The organ at Christ Church is first mentioned in 1552 - when Mr John Lylle was paid 8d for playing the organ on Christmas Day. Other references to the organ and organist appear in the Church's records from time to time: the tuner also gets a mention in 1558, when Mr Thomas Teken was paid 5 shillings for "kepyng the organs in teune".
Various other references to that instrument appear, but the organ we know today was a product of the reparations to the Church, after damage in the Civil War: (in 1643, "Pd the Sexton for cleaninge the church when organes and windowes war broken when the souldgers ware there". The wealthy merchants eventually came around to replacing the instrument in 1707, when four meetings with Renatus Harris are recorded - including two at the Nagg's Head, and one at the Rose Tavern.
The organ took a mere eight months to build, and it is Harris's case we see today - even if few of the pipes are his. Both he and his successor Thomas Schwarbrook added extra stops to the instrument. But because Schwarbrook's workshops were in Warwick, local men were engaged to maintain the instrument. These included Brice Seede who in the early 1780s agreed (again after a few drinks in the Nagg's Head) to repair the organ for £30, and to keep it in tune for three guineas per year.
The medieval church was replaced in 1784, and the organ was reinstated - again in a western gallery, but with the woodwork painted white and with gilded mouldings (traces of this coloration still remain). The next rebuild was made by the Bristol builder John Smith - successor to Richard Seede and inventor of the octave coupler - and it is probably from this time that much of today's pipework dates. Wind for this instrument was supplied by turning a handle, which remained available for emergency (if noisy) use until the 1970s.
The organ was next modernised in 1869 by WG Vowles (John Smith's successor): a name familiar to all Bristol organists. He added some new stops, and two more in 1889 when he undertook the next rebuild. Also in 1889, a new swell box was added together with a sub-octave coupler for the Swell. He also added a bottom octave to the swell, providing today's compass of CC - g, but the great and choir windchests still extend down to GGG. The action was modernised, first in 1925 when JW Walkers provided tubular pneumatics (and a super-octave) to the Swell, and again in 1939 when Vowles electrified and repositioned the pedals.
Walkers made the next overhaul in 1973, when a lot of plaster which fell into the organ during the last war was finally removed. But the organ owes its present condition to Roger Taylor, who in 1997 undertook a full restoration of the instrument. He restored tracker action to all manuals, and provided a new capture system with eight channels for both general and divisional pistons. (Hitherto, there had been minimal mechanical aids, with only a few composition pedals, and a Great to Pedal reversible). He also added four new stops: a new 3-rank swell mixture (to replace the one lost in 1826), the Choir Larigot and a new 4' Fifteenth and 16’ Trombone for the pedal. Also the Echo Gamba was removed from the Swell to the Choir.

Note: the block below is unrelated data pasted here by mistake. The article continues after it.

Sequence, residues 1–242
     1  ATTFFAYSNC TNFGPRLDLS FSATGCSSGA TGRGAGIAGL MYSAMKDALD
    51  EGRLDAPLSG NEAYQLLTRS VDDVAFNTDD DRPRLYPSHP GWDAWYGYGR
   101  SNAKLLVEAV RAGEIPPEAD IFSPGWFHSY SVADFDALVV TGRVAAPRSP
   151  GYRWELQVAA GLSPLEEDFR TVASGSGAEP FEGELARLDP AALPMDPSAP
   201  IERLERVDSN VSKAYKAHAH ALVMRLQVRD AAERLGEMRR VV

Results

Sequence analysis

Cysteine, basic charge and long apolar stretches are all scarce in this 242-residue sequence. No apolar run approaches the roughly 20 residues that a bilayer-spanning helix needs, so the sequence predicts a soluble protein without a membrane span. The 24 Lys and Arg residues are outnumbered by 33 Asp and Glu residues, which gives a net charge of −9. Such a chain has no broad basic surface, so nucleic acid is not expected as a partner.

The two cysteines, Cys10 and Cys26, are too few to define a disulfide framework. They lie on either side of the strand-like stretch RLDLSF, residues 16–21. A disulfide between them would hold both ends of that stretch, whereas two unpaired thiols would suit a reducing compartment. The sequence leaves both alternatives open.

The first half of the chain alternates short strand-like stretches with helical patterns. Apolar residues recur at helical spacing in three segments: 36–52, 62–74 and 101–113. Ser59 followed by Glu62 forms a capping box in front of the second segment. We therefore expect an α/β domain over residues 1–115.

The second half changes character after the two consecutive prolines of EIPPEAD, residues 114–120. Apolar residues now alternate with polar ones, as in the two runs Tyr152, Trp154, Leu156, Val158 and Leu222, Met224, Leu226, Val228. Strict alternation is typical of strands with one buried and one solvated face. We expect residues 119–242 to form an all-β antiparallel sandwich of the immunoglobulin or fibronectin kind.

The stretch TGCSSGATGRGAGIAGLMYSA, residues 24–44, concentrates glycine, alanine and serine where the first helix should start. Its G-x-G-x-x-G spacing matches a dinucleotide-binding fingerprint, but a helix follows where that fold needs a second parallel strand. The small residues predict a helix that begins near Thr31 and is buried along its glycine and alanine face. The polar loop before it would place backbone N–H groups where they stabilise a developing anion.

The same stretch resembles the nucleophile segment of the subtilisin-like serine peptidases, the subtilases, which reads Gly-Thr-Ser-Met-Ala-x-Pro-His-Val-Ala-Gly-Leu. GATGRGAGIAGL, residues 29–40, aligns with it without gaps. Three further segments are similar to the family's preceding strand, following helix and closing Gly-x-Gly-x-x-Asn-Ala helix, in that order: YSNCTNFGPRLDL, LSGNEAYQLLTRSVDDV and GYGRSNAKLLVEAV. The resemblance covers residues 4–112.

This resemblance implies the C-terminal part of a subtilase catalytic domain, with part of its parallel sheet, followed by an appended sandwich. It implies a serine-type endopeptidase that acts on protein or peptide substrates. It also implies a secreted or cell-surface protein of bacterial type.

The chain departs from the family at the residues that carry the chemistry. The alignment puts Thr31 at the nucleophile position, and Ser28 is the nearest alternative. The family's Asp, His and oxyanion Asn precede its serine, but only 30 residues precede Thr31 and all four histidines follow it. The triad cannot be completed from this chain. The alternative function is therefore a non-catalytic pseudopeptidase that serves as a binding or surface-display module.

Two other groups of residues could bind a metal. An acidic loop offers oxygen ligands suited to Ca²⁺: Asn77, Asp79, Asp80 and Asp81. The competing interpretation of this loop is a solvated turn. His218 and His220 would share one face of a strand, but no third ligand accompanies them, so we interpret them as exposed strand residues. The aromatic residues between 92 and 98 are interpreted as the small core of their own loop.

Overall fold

The organ’s tercentenary year in 2008 was marked by the addition of a new 8’ Solo Trumpet in the Choir Organ - an extension of the 1997 Trombone, which balances well the other Trumpets on the Swell and Great in terms of dynamic, character and brightness. Also, the beam of the Swell/Great Super-octave coupler was reversed to provide a sub-octave coupler, thus giving provision for sound at 16’ pitch on the manuals, hitherto lacking. There are currently 34 speaking stops. The anniversary year was further celebrated by the PCC’s commission of a Paean, dedicated to Jonathan Price and the Organ of Christ Church, City from Dr. John Marsh, Organist of the Lord Mayor’s Chapel and formerly Organist of St Mary, Redcliffe.
The resulting instrument is one which is immensely satisfying to play, and which speaks clearly into the church. To select individual colours for special mention - the Swell strings, the powerful Great 3-rank sesquialtera, the 8’ & 4’ flutes on each manual, the Choir cremona, or the new Pedal trombone - would be invidious, as the whole effect blends very harmoniously. But the organ has its own distinctive voice, and speaks with a definite "Old English" accent. It is perhaps fortuitous that at Christ Church, things change slowly
The History of the Organ is By Jonathan D.R. Price, B.A, M.Sc, (Dunelm) F.R.C.O., L.G.S.M. with acknowledgements to: Brian Bussell, "The organ at Christ Church", (leaflet, 1997) and Article by Esmond Roden in "The Organ", July 1947]